Marshall County Chamber of Commerce Releases Results of Business Survey, Independent Research Relevant to July 17 Alcohol Sales Vote
Jul 10, 2012 | 2295 views | 0 0 comments | 7 7 recommendations | email to a friend | print
A graph of DUI convictions in Calloway County reveals a declining trend prior to alcohol sales from 1990 through 2000 and an increasing trend after alcohol sales from 2001 through 2010.
A graph of DUI convictions in Calloway County reveals a declining trend prior to alcohol sales from 1990 through 2000 and an increasing trend after alcohol sales from 2001 through 2010.
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A graph of DUI convictions in Lyon County reveals an increasing trend prior to alcohol sales from 1990 through 2000 and a decreasing trend after alcohol sales from 2001 through 2010.
A graph of DUI convictions in Lyon County reveals an increasing trend prior to alcohol sales from 1990 through 2000 and a decreasing trend after alcohol sales from 2001 through 2010.
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A graph of DUI convictions in Marshall County reveals a slightly increasing trend before alcohol sales in Calvert City restaurants from 1999 through 2004 and a slightly decreasing trend after alcohol sales from 2005 through 2010.
A graph of DUI convictions in Marshall County reveals a slightly increasing trend before alcohol sales in Calvert City restaurants from 1999 through 2004 and a slightly decreasing trend after alcohol sales from 2005 through 2010.
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Gilliland also compared average per capita DUI convictions over the past 20 years for counties throughout the Jackson Purchase that are classified as “wet” (allowing alcohol sales), “dry” (not allowing alcohol sales) and “moist” (allowing some alcohol sales). Analysis of the data shows the “dry” counties examined have the lowest average per capita DUI convictions at .76 percent, followed by the “moist” counties with .84 percent and the “wet” counties with 1.12 percent.

Gilliland compared average per capita total crime over the past 20 years for the same Jackson Purchase counties to try to determine the correlation, if any, between alcohol sales and crime in general. Analysis of the data shows the “dry” counties examined have the lowest average per capita crime at 4.817 percent, followed by the “moist” counties with 6.562 percent and the “wet” counties with 10.063 percent.
Gilliland also compared average per capita DUI convictions over the past 20 years for counties throughout the Jackson Purchase that are classified as “wet” (allowing alcohol sales), “dry” (not allowing alcohol sales) and “moist” (allowing some alcohol sales). Analysis of the data shows the “dry” counties examined have the lowest average per capita DUI convictions at .76 percent, followed by the “moist” counties with .84 percent and the “wet” counties with 1.12 percent. Gilliland compared average per capita total crime over the past 20 years for the same Jackson Purchase counties to try to determine the correlation, if any, between alcohol sales and crime in general. Analysis of the data shows the “dry” counties examined have the lowest average per capita crime at 4.817 percent, followed by the “moist” counties with 6.562 percent and the “wet” counties with 10.063 percent.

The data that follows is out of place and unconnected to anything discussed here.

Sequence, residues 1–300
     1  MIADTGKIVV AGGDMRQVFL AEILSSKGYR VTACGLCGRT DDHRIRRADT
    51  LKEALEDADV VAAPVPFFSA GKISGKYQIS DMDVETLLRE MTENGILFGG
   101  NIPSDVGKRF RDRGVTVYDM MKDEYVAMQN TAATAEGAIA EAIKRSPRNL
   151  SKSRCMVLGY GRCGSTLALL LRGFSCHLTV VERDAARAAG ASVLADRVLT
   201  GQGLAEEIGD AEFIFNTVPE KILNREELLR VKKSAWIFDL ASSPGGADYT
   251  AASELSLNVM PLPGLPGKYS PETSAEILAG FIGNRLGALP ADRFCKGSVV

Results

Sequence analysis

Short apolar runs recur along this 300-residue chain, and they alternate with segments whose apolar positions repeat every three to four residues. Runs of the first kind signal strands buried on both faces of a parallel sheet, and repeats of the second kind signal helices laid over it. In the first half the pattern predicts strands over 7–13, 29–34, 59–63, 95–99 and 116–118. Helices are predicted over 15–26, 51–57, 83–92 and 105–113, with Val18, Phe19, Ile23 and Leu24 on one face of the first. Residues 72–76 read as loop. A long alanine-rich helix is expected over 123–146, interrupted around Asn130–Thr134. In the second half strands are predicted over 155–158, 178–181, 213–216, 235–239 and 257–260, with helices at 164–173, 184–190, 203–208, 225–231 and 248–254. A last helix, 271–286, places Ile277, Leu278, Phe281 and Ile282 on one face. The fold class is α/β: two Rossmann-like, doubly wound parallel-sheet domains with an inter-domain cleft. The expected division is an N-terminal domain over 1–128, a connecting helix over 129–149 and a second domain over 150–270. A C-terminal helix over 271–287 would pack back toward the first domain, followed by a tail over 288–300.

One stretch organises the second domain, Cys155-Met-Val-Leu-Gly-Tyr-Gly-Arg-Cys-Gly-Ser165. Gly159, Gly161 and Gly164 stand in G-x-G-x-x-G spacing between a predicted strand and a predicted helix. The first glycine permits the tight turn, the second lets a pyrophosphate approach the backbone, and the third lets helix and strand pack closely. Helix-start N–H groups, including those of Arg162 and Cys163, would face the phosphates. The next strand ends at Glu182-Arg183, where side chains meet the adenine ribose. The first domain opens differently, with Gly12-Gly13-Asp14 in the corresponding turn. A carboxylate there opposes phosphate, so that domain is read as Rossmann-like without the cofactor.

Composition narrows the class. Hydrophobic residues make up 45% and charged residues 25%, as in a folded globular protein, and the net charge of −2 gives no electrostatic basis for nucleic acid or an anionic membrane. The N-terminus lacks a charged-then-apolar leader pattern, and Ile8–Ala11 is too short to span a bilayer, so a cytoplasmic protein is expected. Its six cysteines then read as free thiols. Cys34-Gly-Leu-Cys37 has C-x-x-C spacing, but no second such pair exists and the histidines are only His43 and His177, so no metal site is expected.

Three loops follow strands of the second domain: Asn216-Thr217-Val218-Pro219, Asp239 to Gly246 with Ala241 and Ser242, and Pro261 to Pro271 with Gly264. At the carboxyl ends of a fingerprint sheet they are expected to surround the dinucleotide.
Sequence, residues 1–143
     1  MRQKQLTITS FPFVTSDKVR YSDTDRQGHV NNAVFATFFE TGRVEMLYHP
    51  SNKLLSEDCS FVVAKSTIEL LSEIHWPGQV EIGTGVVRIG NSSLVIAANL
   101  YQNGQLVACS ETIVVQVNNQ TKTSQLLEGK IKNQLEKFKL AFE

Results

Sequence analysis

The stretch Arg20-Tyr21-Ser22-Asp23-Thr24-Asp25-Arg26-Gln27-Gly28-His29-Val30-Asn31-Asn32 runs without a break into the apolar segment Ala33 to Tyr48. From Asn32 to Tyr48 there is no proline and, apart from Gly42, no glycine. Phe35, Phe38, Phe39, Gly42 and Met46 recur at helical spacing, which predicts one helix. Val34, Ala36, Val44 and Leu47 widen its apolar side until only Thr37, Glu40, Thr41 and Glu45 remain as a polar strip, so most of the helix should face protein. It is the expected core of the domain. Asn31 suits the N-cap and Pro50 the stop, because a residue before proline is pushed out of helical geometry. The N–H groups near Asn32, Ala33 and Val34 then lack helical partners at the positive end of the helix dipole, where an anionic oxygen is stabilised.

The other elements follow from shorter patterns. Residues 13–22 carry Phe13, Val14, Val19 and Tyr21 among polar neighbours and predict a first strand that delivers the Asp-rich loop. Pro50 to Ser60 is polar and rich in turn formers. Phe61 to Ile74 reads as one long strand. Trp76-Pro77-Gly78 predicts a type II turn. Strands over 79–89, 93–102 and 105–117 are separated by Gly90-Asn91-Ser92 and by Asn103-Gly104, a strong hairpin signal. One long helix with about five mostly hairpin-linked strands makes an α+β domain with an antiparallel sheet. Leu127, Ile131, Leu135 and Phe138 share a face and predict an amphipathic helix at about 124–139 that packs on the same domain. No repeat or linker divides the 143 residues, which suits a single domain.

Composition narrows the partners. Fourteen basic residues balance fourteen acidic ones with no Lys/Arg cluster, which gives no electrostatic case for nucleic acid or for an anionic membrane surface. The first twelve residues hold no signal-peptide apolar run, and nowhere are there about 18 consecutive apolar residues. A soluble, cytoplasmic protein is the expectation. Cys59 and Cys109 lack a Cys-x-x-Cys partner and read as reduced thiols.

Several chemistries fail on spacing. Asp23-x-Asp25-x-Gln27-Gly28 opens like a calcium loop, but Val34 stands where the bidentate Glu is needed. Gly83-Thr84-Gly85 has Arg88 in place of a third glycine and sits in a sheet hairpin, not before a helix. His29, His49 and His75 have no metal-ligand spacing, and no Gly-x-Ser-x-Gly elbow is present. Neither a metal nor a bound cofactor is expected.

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BENTON – In its continuing effort to help the citizens of Marshall County make an informed choice when they vote July 17 on the issue of alcoholic beverage sales, the Marshall County Chamber of Commerce released the results of a survey of member businesses in addition to independent research on crime statistics, tourism expenditures and spending by Marshall County residents. The Chamber did not, however, endorse a particular position on alcohol sales.

“Releasing the results of our survey and independent research should not be construed as an endorsement of one side over another. It’s simply an endorsement of the facts,” said Dave Washburn, Marshall County Chamber of Commerce Board of Directors chairman. “The chamber exists to serve all of its members.”

Business Support & Opposition

In an attempt to determine how local businesses feel alcohol sales might affect them, the chamber distributed an e-mail survey on July 2 and followed up with an automated call to member businesses requesting that the survey be completed by July 9. A total of 73 chamber businesses representing 34.4 percent of the total chamber membership located in Marshall County responded to the survey. The results are as follows:

63.4 % favor alcohol sales in Marshall County

36.6 % oppose alcohol sales in Marshall County

32.9 % believe that allowing alcohol sales in Marshall County will help their business

67.1 % believe that allowing alcohol sales in Marshall County will not help their business

65.7 % believe that allowing alcohol sales in Marshall County will help local businesses in general

34.2 % believe that allowing alcohol sales in Marshall County will not help local businesses in general

Crime Statistics & Trends

To clarify the often conflicting data on crime statics that has been circulated, Marshall County Chamber of Commerce board member Gene Gilliland conducted independent analysis of Kentucky State Police data in Calloway and Lyon counties for the 10 years preceding and following the passage of alcohol sales. He also examined data from Marshall County for the years preceding and following the passage of a Limited Restaurant Local Option allowing alcohol sales in Calvert City restaurants.

Gilliland’s research shows that the average number of DUI convictions in Calloway for the 10 years preceding the passage of alcohol sales in November of 2000 was 242.5 per year while the average following the passage of alcohol sales was 282.5. This represents an increase of 16.49 percent since alcohol sales were legalized.

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